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5 Tips to Maximize the iPhone 11’s Filmmaking Capabilities

Jourdan Aldredge

The iPhone 11 looks to be a game changer for smartphone videography. Here’s how to truly unleash its filmmaking potential.

The concept of using a top-of-the-line smartphone to shoot big budget narrative features meant to be shown on cinema screens is still pretty insane, when you think about it. Yet, here we are in 2019, and not only has this been happening more and more, but technology is still continuing to outpace itself with its near-yearly breakthroughs.

The iPhone, in particular, has been a leader in these efforts, and filmmakers like Steven Soderbergh have already made use of iPhones in the past (the iPhone 8 for his feature High Flying Birds and the iPhone 7 Plus for Unsane).

Now Apple has outdone itself once again with its latest iPhone 11 (for this article we’ll focus on the iPhone 11 Pro and iPhone Pro Max) and its next-level video camera technology. Until it is surpassed (likely next year), this iPhone 11 represents the latest and greatest filmmaking smartphone on the market.

So, if you’re looking to make the investment for your next film project (or just looking to make the most cinematically beautiful Tik Tok videos ever), here are five tips to truly maximize your iPhone 11’s filmmaking capabilities.


Understand the Cameras

Similar to the iPhone X, and other smartphones of the past few generations with dual camera technology, the iPhone 11 has two cameras. But, it has also added a new ultra-wide camera to the mix for even more coverage. In total, this gives the iPhone 11 Pro the following:

Telephoto Camera

  • 12MP
  • 52 mm focal length
  • Larger f/2.0
  • 6-element lens
  • Optical image stabilization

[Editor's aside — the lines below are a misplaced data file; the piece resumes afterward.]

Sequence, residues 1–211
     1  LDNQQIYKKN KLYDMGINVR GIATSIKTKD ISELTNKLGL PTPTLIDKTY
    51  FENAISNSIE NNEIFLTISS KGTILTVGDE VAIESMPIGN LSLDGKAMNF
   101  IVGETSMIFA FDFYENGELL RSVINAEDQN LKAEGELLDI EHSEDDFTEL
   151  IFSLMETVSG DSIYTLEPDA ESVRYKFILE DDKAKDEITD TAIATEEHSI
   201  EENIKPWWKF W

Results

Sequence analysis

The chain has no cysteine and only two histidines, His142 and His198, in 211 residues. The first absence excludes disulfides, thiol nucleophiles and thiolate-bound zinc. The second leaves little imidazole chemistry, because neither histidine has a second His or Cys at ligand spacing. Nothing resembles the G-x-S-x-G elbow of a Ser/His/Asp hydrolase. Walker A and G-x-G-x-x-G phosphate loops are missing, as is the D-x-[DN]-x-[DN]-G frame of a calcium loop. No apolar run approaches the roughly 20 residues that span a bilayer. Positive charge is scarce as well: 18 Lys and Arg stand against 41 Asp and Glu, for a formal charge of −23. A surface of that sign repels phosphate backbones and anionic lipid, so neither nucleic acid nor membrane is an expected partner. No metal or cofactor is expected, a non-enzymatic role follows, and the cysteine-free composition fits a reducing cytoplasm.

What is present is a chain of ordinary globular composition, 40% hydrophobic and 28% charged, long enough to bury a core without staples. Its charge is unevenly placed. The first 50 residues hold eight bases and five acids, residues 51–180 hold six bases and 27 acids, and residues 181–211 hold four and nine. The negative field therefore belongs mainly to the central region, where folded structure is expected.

• Focus pixels

Wide Camera

  • 12MP
  • 26 mm f/1.8
  • 6-element lens
  • Optical image stabilization
  • 100 percent focus pixels

Ultra Wide Camera

  • 12MP
  • 13 mm f/2.4
  • 5-element lens
  • 120-degree field of view

These three lenses together give some of the most comprehensive in-smartphone coverage of any offered on the market. It also provides a solution for capturing that near-fisheye ultra wide cinematic-looking footage with its new third camera, which can be seen in this video by filmmaker Rian Johnson:

And, technically speaking, with the iPhone 11’s front-facing “selfie” camera you’re actually getting four cameras on one device. This begins to matter when the iPhone 11 is used with partner program Filmic Pro for capturing and utilizing multiple angles at once. Over on Shutterstock Tutorials, Rubidium Wu takes a look at what to expect when shooting a feature on the iPhone 11 Pro compared to a cinema camera like the Canon C200.


Stabilize with Tripods and Gimbals

So, your first real additional step for maximizing your iPhone 11 — after simply understanding the multiple cameras at your disposal — will be to solve the problems of stabilization. While in-camera auto-stabilization is still making some very impressive advancements, it might be asking too much to use a hand-held for most of your filmmaking projects.